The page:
'They who create magistrates are the sole judge as to whether the intended goal be achieved or not.' 
And so, we take back our rights of judgment and execution. We do not have to invent anything; we only have to learn English and American history. The right to take back delegated power was clearly declared during the American Revolution.
If a man surrenders all his [natural] alienable rights, without reserving a control over the supreme power, or a right to resume in certain cases, the surrender is void. 
We could say this right is reserved to us by Amendment Nine; but this is unnecessary. It is more particularly reserved to us by the First Amendment, 'Congress shall make no law abridging the right of the people to petition the government for a redress of grievances.'
So, how do we take back rights with the right of petition? We do precisely what American Founders did: they exercised their 'right of petition' exactly as English parliaments had been doing for more than 500 years. Parliament originated as a body of private men for the purpose of presenting petitions to the king for redress. Such petitions have always been mandatory on the king. Originally, if the king or his justices failed to redress a grievance within 40 days, the entire nation had a right of violence against the king and his justices until remedy was given.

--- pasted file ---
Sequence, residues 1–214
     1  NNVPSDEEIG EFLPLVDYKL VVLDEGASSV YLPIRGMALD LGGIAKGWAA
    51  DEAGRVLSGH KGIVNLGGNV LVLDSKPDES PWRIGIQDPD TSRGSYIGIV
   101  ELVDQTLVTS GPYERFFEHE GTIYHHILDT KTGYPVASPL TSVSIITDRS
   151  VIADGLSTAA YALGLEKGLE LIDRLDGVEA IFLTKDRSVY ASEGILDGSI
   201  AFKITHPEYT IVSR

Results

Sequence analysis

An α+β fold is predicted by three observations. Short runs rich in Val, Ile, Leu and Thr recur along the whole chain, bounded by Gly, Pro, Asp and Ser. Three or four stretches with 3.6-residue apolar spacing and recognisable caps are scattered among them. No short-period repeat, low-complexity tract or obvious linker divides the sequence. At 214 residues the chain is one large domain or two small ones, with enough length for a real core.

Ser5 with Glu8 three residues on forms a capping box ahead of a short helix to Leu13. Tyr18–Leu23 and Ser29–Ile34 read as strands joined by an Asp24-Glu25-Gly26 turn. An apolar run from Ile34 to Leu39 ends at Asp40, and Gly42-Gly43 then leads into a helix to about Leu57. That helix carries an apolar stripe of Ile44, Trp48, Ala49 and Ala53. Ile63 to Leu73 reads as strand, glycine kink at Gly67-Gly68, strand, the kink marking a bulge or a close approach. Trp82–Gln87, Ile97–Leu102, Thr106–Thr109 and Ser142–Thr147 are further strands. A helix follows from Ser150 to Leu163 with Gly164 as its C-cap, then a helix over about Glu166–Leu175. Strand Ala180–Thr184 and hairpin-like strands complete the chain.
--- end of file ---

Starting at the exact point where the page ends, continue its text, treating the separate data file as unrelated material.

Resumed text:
This right of violence was later modified to a procedure that required the king to satisfy grievances before parliament would vote taxes for him: that is, no redress, no taxes. It's real simple.
English history is full of examples of this procedure. In other words, this procedure of 'redress before taxes' has always been an essential component of the right of petition. The Continental Congress officially declared it to be a major right Americans intended to secure by the Revolution.
If money is wanted by Rulers, who have in any manner oppressed the people, they may retain it, until their grievances are redressed; and thus peaceably procure relief, without trusting to despised petitions, or disturbing the public tranquility . . . .
Our confederation . . . has no other objects than the perfect security of the natural and civil rights of all the constituent members . . . on the salutary and constitutional principles herein before mentioned. 
In other words--and note these words carefully--if Americans have a grievance, they have a constitutionally protected right to withhold their taxes.